The house only had two bedrooms, and the children’s room was directly opposite ours. Both of us had had the same thought—”Oh no, it’s the children again.” Much to our annoyance they had been waking in the middle of the night claiming it was morning and time to play. We had tried to suppress it, but here it was again.

As these thoughts went through our minds we heard the sound of feet clomping down the stairs. This was strange as the children usually stayed in their room. Brenda got up, de­termined to get whoever it was back into bed. I heard her switch the light on, go down the stairs, switch the sitting room light on, and I followed her via the sounds of her movement as she looked in the kitchen and even toilet—we didn’t have a bathroom. Then up she came again and opened the children’s door—strange because we had assumed it had been opened. When she came back into our room she looked puzzled and a little scared. “They’re all asleep and in bed ‘ she said. ‘We talked over the mystery for some time, trying to under­stand just how we had heard the door handle rattle then foot­steps going down the stairs, yet the door wasn’t open. Also, the door handles on our doors were too high for the children to reach without standing on a chair. There was a stool in the children’s bedroom they used for that, yet it wasn’t even near the door when Brenda opened it.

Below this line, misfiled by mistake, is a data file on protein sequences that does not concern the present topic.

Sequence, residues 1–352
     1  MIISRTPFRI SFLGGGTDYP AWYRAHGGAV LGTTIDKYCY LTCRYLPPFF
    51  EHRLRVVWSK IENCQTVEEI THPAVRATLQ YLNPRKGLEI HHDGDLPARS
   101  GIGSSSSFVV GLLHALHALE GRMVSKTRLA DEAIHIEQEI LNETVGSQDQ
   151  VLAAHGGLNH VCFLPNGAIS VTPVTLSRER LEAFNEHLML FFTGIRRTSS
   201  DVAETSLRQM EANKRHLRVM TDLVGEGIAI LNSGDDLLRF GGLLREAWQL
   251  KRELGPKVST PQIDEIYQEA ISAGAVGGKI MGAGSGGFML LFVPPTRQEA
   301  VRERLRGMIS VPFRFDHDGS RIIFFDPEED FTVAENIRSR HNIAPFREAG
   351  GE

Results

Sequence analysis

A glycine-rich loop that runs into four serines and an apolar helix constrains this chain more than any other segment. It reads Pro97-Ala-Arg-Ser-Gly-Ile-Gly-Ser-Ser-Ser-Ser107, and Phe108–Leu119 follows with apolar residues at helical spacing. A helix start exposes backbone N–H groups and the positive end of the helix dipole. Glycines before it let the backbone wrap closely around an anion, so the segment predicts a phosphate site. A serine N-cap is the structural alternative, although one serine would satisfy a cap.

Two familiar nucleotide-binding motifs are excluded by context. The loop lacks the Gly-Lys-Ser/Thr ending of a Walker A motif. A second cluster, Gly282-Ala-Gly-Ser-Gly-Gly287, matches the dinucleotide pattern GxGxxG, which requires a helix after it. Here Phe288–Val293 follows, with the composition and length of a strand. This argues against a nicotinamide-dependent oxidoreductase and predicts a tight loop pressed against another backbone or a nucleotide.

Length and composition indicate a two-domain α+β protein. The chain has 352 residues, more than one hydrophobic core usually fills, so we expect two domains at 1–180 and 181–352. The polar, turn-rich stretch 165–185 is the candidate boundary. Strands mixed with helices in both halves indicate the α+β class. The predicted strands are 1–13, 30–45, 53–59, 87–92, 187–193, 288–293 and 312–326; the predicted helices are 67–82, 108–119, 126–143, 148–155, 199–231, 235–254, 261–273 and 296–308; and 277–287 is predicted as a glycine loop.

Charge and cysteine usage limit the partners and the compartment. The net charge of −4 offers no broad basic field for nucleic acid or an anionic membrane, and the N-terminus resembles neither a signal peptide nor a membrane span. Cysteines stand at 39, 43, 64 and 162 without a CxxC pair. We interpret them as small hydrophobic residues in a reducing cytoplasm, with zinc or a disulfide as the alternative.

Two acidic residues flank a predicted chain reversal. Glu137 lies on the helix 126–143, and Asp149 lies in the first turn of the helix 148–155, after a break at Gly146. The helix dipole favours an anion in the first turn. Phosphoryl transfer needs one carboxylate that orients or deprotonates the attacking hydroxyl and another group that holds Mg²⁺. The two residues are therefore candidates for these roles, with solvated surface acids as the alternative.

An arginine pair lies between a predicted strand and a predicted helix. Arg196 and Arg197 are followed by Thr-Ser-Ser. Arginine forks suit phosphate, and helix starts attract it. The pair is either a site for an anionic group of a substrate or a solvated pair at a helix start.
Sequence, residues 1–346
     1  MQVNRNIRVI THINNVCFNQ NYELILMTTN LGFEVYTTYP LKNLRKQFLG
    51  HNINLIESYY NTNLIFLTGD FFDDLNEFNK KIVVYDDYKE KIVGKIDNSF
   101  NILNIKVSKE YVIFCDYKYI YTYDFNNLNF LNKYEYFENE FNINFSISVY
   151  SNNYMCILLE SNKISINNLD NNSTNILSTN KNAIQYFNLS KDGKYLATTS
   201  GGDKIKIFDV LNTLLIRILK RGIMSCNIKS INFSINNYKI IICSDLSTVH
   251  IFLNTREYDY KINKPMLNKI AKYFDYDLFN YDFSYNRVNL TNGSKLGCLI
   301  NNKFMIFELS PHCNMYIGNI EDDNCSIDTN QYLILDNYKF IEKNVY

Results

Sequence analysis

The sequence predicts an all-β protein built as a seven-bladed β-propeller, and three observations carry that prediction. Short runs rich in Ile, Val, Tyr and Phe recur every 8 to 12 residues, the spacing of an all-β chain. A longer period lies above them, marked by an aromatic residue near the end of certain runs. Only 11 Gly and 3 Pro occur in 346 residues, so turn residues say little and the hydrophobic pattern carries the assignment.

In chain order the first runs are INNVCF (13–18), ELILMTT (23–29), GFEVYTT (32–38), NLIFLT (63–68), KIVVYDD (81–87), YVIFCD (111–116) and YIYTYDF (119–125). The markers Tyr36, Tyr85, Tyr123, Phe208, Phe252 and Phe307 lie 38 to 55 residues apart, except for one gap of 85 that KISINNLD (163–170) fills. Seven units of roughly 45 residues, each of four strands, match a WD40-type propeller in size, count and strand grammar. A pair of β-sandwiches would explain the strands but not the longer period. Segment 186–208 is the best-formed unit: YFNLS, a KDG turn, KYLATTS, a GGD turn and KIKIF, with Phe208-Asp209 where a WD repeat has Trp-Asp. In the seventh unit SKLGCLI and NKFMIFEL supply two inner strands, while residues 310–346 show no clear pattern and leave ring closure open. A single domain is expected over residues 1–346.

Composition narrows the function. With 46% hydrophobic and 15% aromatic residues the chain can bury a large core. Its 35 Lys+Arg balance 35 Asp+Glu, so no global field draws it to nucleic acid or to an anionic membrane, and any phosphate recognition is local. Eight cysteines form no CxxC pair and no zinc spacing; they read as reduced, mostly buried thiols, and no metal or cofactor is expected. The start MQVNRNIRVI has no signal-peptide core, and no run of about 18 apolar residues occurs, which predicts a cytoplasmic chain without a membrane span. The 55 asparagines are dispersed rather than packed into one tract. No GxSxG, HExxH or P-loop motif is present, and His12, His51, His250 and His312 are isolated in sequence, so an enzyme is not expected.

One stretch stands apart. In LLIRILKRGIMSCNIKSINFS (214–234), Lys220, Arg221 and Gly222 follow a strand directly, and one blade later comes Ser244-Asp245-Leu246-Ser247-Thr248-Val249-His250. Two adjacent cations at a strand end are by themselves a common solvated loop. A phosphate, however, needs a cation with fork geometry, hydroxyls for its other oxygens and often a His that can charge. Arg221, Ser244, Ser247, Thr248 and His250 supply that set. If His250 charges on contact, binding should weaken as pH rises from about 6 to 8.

Having no answer to the puzzle we stopped talking and settled to wait for sleep again. Suddenly a noise came from the children’s bedroom. It sounded like the stool being dragged and then the door handle turning again but the door not opening. “You go this time” Brenda said, obviously disturbed.